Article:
Friday, August 12, 2011

The Ghost of Marcos

The premature closing of the Kulo exhibition at the Cultural Center of the Philippines (CCP) has found its way into the world’s media not so much for its questionable content but for the fact that it was closed due to the intervention of the Philippine President.

The open sentence from the Australian Broadcasting Corporation’s (ABC) website says it all “An art show featuring a poster of Jesus Christ with a wooden penis glued to his face was closed Tuesday after President Benigno Aquino intervened amid threats, vandalism and claims of blasphemy.” (Emphasis mine)

The outrage that flows from artist’s poking their tongues out at the religious establishment happens on a fairly regular basis. Last year a woman in Colorado attacked Enrique Chagoya’s "The Misadventures of Romantic Cannibals" with a crowbar because it depicted Jesus receiving oral sex.  In 2005 we saw the furor that erupted over the publication of an unflattering series of cartoons depicting the the Islamic prophet Muhammad. Andres Serrano’s 1987 photograph “Piss Christ” has been physically attacked with blunt and not so blunt instruments when exhibited in both France and Australia. But the head of a country stepping in, now, that is a first in quite some time and a cause for concern.

A group exhibition, Kulo, opened on June 17 and was scheduled to be on show until August 21. A week ago a TV crew did a story on the exhibition and in the best “if it bleeds, it leads” tradition focused on the naughty bits. The aforementioned poster of Jesus Christ with a wooden penis glued to his face and a second depiction of the Christian deity with a clown’s nose and the Disney rodent’s ears. They are two small parts of Mideo Cruz’s  “Poleteismo” which translates as ‘many beliefs’ or ‘many deities’ and is a three-wall installation with a large variety of images. 

Prior to the President’s call, the CCP had been staunchly defending the exhibition citing the country’s constitutional right to free speech as their rationale. The day following the presidential call the exhibition was closed. A statement justifying the closure said "With an increasing number of threats to persons and property... the board of the Cultural Centre of the Philippines has decided to close down the main gallery."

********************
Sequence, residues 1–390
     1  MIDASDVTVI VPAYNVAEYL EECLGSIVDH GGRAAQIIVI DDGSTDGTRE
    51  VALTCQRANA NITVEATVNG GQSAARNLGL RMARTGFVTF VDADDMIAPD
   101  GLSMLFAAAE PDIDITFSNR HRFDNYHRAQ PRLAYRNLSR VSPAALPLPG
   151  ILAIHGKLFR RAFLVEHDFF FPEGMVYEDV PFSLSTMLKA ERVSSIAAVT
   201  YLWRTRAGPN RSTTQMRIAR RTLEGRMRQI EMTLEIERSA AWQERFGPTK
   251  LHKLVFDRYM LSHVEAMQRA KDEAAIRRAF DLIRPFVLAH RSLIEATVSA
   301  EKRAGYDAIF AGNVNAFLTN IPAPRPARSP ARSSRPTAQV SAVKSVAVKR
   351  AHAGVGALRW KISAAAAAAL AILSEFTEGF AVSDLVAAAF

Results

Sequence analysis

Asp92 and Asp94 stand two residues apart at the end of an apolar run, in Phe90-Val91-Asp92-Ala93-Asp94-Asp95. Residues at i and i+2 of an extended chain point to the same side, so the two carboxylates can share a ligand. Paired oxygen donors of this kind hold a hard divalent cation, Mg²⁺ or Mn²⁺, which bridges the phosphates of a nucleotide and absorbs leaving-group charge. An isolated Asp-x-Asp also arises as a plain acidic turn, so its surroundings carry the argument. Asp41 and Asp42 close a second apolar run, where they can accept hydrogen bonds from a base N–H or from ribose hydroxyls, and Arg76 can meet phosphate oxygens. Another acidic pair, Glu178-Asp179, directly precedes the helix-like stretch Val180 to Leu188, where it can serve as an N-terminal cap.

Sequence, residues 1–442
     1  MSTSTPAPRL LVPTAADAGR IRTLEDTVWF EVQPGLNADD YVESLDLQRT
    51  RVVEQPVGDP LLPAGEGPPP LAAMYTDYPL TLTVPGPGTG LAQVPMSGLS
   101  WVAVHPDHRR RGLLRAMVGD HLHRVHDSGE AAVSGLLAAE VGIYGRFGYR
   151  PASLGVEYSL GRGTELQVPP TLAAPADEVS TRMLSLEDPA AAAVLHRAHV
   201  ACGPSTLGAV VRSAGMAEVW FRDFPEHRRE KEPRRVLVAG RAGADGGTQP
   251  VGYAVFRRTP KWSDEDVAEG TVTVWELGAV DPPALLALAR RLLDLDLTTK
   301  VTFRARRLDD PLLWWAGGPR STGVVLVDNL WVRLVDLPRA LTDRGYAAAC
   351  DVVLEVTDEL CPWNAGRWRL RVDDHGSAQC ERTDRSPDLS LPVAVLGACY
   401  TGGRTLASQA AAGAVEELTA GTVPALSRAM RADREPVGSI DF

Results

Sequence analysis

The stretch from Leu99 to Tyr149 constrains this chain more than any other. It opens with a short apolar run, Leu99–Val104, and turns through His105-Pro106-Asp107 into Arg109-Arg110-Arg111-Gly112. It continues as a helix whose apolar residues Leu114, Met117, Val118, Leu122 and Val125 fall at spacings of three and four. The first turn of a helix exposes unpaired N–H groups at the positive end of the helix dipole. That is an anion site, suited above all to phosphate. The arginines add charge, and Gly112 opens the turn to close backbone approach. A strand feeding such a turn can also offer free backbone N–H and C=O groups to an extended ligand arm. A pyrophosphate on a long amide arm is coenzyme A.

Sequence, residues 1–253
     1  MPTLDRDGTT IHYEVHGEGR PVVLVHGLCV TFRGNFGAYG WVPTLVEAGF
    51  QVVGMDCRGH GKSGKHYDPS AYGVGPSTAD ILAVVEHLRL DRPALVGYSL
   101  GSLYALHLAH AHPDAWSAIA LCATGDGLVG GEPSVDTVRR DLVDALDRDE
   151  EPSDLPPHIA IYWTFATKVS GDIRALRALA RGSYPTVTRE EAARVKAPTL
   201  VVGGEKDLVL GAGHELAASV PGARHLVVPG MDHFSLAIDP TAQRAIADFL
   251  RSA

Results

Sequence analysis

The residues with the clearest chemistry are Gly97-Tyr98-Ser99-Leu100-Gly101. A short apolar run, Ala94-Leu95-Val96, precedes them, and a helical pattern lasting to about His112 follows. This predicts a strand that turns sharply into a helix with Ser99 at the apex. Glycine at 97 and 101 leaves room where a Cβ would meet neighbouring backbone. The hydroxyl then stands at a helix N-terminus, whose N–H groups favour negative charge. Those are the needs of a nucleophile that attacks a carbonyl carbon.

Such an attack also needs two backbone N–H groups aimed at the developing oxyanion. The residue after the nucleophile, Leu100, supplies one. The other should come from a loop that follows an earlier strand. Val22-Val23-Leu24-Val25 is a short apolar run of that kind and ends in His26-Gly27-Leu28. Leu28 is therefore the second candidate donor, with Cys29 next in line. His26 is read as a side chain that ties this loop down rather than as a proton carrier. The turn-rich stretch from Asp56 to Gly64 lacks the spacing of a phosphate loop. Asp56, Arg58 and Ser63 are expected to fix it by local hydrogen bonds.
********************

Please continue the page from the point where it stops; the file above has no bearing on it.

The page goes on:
Yeah, right. 

The President may not have said jump, although it is reported that he told the CCP staff “he opposed the artwork” sight unseen, as far as one can tell. The CCP’s timing suggests they have guessed how high.  

As worrying as this censorship is, President Aquino’s interpretation of constitutional rights is a cause for greater concern. Whilst in general terms he is correct when he states “There is no freedom that is absolute” the freedom of speech has been constitutionally enshrined so that offensive statements can be made. It is a freedom that underpins the influential 19th Century liberal philosopher John Stuart Mills’ words “. . . there ought to exist the fullest liberty of professing and discussing, as a matter of ethical conviction, any doctrine, however immoral it might be considered."

With the freedom of speech being amongst the first casualties in a totalitarian state and in the light of the Philippines’ recent history many with an attention span that extends past the next commercial break will be wondering if the leopard has indeed changed its spots.

Friday, July 08, 2011

The Eloquence of Silence